As you can imagine, the films are a schizophrenic mess, but they're not without their own twisted entertainment value, even if it's for all the wrong reasons. Since the Japs just trounced us at Pearl Harbor, the General tells his men that they must go to the Philippines and defeat Tojo before the country is lost forever to the yellow menace.
In the film proper, a group of Filipino freedom fighters must battle the Japanese and the guerillas to maintain their territory. When the nine American soldiers agree to help the freedom fighters in their cause in a hilariously bad edit of old and new footagebut split up to do so, it gives the film an excuse to interrupt the main story every twenty minutes or so to splice in the new footage of the American soldiers firing their weapons at faceless enemy soldiers When the leader of the Japanese forces hears that the Americans sent over only nine soldiers to fight them, he says, "They're sending a mosquito to fight a buffalo!
The American soldiers, led by Cobra Frank Juhasz and Bazooka Mike Abbottsee their numbers being slowly thinned-out by a single Japanese soldier, who kills three of the squad before he is cornered and blows himself up with a grenade.
The squad who act more like high school jocks than a well-trained Special Forces squad then set a trap for an advance squad of guerillas, but the guerillas spot a lit cigarette and the word "Fuck" spelled-out with piss on the ground, both left there by careless American squad membersand almost escape the trap.
Meanwhile, the Filipino freedom fighters continue to fight the Japs and their guerilla cohorts and must now blow up a bridge that is an important thoroughfare for the Jap supply line.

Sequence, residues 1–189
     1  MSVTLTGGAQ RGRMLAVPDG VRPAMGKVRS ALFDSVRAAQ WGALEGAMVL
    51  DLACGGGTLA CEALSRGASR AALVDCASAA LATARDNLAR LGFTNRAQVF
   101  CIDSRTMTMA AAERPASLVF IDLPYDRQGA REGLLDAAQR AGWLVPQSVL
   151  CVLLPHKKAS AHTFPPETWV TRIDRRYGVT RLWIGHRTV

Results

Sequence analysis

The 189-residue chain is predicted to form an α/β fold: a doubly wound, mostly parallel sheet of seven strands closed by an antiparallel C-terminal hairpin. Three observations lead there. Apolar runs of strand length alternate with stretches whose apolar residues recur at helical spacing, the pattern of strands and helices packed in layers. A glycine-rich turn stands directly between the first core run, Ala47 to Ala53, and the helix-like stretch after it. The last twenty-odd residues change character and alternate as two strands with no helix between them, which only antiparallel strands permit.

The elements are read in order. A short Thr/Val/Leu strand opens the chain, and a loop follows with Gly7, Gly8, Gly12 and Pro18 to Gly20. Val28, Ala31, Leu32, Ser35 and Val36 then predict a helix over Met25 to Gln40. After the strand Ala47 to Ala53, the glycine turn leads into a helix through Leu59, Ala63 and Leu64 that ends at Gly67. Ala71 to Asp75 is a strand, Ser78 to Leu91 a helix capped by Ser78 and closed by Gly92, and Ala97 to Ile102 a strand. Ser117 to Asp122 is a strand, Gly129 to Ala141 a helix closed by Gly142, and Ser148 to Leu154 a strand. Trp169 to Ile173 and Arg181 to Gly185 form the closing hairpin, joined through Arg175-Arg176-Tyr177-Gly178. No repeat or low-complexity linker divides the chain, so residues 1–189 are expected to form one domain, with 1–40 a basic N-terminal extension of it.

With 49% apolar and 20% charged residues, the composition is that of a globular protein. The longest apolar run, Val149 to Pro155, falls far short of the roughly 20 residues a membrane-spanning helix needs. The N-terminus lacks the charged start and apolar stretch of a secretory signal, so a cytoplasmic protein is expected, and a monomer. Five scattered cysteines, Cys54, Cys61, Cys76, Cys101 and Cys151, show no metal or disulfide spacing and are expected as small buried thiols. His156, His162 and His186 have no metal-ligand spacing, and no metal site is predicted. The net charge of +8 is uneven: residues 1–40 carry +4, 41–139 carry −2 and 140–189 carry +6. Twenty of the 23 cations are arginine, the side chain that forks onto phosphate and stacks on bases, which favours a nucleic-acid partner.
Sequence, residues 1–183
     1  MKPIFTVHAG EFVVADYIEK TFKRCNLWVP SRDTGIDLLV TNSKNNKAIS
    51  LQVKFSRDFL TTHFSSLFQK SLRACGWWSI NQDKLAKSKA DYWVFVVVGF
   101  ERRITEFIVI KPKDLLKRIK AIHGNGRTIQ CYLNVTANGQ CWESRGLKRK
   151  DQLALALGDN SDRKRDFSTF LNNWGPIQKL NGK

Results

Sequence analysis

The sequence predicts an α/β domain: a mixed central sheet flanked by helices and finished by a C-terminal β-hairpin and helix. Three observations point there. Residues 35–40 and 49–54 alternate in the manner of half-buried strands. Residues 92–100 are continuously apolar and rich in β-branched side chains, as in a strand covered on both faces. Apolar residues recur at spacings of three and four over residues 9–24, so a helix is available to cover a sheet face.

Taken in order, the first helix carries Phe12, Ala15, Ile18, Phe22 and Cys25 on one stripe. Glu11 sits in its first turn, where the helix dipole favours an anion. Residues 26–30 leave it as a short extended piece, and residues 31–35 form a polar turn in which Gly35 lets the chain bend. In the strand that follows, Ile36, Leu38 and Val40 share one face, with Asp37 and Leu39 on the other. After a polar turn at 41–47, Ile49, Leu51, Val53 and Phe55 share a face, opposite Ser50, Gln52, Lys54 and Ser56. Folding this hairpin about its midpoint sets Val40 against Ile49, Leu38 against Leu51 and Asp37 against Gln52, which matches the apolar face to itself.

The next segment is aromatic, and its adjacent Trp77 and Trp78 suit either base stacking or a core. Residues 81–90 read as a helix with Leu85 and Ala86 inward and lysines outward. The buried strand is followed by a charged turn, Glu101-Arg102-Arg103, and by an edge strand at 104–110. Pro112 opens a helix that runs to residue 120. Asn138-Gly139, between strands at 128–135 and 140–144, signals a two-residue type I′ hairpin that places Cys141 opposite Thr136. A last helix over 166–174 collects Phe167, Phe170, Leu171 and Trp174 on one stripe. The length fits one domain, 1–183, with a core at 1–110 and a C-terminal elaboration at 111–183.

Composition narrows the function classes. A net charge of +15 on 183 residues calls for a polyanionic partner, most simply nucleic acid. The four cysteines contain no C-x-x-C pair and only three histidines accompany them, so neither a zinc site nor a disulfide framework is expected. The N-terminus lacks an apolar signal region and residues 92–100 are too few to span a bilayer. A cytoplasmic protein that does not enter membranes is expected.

Can they do it? And what will become of the Americans? The dialogue, which consists mainly of exchanges like this between two American soldiers: They are the most careless and juvenile bunch of soldiers that you're ever likely to see.
Since the film is set during World War II, imagine my surprise in spotting 60's-era fighter jets, helicopters and weapons prominently displayed throughout. That's partly what makes these films so endearing. The filmmakers just don't care about things so miniscule as coherency, matching shots or keeping within the proper timeline, as long as they can turn in a film that is feature length.T.C.
Boyle's Greasy Lake: Summary and Analysis T.C. Boyle is a famous American novelist with many accolades to his name. Amongst his noted work is a collection of short stories called Greasy Lake and Other Stories (), which confronts the doubts, insecurities, and issues that were faced by the people in America during the s.
Analysis of Greasy Lake by Tom Coraghessan - Analysis of Greasy Lake by Tom Coraghessan “Greasy Lake" by Tom Coraghessan Boyle, is the story of a group of adolescents, searching for the one situation that will proclaim them as bad boys and how their minds change. The lake of T.C. Boyle's story "Greasy Lake" symbolizes the changing perceptions of the narrator.
In the beginning of the narrative, the lake . A Review of the Use of Symbolism in the Novel Greasy Lake by T.C. Boyle PAGES 1. WORDS View Full Essay. More essays like this: use of symbolism, greasy lake, t c boyle.
Not sure what I'd do without @Kibin - Alfredo Alvarez, student @ Miami University. Exactly what I needed. - Jenna Kraig, student @ UCLA. Wow. Most helpful essay . Jan 24, · In the story "Greasy Lake" by T. Coraghessan Boyle, the author portrays this through the use of a lake by demonstrating its significance and relationship to the characters.
At one time, the Greasy Lake was something of beauty and cleanliness, but then came to be the exact opposite. Download-Theses Mercredi 10 juin